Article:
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Clinical Chemistry and Laboratory Medicine (CCLM)

Published in Association with the European Federation of Clinical Chemistry and Laboratory Medicine (EFLM)

Editor-in-Chief: Plebani, Mario

Editorial Board Member: Gillery, Philippe / Kazmierczak, Steven / Lackner, Karl J. / Lippi, Giuseppe / Melichar, Bohuslav / Schlattmann, Peter / Whitfield, John B.

12 Issues per year

IMPACT FACTOR 2013: 2.955
Rank 5 out of 29 in category Medical Laboratory Technology in the 2013 Thomson Reuters Journal Citation Report/Science Edition

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Genotyping of CYP2D6 in Parkinsons's Disease

Mario Štefanovic / Elizabeta Topić / Ana Maria Ivanišević / Maja Relja / Marta Koršić

Citation Information: Clinical Chemistry and Laboratory Medicine. Volume 38, Issue 9, Pages 929–934, ISSN (Print) 1434-6621, DOI: 10.1515/CCLM.2000.136, June 2005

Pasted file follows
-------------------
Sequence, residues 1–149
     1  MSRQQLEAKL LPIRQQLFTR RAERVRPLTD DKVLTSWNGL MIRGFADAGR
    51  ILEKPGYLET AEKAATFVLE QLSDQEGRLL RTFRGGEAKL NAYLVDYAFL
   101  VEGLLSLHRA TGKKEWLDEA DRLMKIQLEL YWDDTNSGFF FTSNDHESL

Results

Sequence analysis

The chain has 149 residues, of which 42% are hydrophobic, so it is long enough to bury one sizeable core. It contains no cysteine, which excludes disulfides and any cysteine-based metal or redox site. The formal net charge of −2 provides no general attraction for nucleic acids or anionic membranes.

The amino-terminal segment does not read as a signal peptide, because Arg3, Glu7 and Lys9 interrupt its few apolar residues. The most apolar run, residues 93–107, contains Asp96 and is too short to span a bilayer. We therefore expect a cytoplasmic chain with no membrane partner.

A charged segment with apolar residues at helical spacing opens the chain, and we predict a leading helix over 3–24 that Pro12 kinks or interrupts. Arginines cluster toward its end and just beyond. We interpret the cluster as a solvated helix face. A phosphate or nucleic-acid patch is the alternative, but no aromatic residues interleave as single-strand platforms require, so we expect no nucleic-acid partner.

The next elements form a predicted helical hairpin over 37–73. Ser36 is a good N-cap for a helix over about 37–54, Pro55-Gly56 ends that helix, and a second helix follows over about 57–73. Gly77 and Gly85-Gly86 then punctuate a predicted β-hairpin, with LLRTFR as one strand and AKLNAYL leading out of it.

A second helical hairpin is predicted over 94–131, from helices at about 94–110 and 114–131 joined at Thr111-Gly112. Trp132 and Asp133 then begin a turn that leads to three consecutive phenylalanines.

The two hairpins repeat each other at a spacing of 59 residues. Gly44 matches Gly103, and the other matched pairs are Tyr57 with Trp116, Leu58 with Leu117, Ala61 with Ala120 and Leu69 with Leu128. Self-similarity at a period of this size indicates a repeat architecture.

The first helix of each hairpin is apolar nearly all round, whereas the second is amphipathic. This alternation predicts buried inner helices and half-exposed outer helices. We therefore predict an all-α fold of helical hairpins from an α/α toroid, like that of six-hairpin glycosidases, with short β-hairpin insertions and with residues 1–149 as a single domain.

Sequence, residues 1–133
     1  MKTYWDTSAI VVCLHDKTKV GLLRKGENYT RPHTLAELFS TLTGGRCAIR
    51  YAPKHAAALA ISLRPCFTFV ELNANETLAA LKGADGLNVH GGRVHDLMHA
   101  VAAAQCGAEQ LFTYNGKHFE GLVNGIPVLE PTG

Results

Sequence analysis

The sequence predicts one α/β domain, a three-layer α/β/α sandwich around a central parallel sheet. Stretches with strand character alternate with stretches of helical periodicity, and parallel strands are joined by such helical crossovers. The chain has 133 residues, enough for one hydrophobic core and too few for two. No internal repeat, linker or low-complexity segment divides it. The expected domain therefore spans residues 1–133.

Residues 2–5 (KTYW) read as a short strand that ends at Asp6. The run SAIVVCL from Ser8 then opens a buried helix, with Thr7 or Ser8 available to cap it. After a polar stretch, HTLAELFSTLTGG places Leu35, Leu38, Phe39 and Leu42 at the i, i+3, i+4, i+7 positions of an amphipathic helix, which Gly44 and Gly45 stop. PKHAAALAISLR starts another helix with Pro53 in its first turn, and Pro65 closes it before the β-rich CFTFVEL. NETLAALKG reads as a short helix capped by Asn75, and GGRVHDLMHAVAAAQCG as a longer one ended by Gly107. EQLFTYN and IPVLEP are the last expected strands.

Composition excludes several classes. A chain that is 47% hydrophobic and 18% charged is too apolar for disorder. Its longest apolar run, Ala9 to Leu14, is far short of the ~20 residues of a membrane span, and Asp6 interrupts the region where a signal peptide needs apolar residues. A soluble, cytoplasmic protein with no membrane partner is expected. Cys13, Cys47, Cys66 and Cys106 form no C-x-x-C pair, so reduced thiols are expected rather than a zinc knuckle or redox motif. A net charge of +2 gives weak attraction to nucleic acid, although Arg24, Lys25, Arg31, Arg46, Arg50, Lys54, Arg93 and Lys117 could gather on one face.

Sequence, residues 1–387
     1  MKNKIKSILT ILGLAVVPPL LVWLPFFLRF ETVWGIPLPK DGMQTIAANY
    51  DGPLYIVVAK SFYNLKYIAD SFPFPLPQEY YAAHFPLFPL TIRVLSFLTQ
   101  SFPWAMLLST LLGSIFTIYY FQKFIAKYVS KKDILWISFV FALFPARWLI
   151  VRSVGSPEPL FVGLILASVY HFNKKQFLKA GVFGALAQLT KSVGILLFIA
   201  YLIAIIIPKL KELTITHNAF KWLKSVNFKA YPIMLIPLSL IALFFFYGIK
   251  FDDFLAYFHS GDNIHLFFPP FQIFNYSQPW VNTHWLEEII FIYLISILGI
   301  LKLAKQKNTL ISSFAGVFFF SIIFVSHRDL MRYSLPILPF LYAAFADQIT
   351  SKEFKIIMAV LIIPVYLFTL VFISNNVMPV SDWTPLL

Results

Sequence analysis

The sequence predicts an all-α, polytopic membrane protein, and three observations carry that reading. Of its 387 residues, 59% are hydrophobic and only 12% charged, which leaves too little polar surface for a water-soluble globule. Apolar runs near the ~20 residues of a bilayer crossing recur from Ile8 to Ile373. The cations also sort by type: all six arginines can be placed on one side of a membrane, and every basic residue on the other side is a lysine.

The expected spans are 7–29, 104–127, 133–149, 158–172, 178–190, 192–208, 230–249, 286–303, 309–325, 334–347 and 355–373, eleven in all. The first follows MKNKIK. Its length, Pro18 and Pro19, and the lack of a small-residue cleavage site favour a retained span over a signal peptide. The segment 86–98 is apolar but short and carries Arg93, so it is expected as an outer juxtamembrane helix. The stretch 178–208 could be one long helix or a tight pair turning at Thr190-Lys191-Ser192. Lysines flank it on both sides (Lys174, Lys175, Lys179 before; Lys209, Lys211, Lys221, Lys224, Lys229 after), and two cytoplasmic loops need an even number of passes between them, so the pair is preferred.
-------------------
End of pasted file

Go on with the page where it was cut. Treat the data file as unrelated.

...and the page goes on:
Publication History

Published Online:
2005-06-01

Abstract

Parkinson's disease is characterized by progressive degradation of dopaminergic neurons. Cytochrome P450 CYP2D6 enzyme is one of the most investigated and highly polymorphic isoforms, which metabolizes many drugs and is also involved in the metabolism of dopamine. Using allele-specific multiplex PCR, we genotyped 186 subjects for CYP2D6 *3, *4, *6, *7, and *8 alleles in order to estimate allelic, genotype and predicted phenotype frequencies in the control and patient groups, and to investigate the possible statistical difference between Parkinson's disease patients (n=41) and healthy controls (n=145). Parkinson's disease patients were further divided into two subgroups according to Hoehn and Yahr staging of the disease (HY), i.e. groups with HY stage less than 2.5 (HY <2.5; n=27) and more than 2.5 (HY >2.5; n=14). A subgroup of Parkinson's disease patients exhibiting side effects such as “on-off” phenomenon and dyskinesia (both suggesting favorable response to therapy) were compared with a subgroup of patients showing no such response. The preliminary results of this study showed that only the prevalence of CYP2D6 *4 allele differed significantly between the PD patients and control group (20.7% vs. 11.0%; p=0.027; RR=2.1, 95%CI 1.113−3.994). In the HY >2.5 subgroup, the CYP2D6*4 allelic difference was even greater (25.0% vs. 11.0% in controls; p=0.062, RR=2.69, 95%CI 1.090−6.624). Genotype frequencies differed only in the HY >2.5 subgroup, however with a level of significance of p=0.095.

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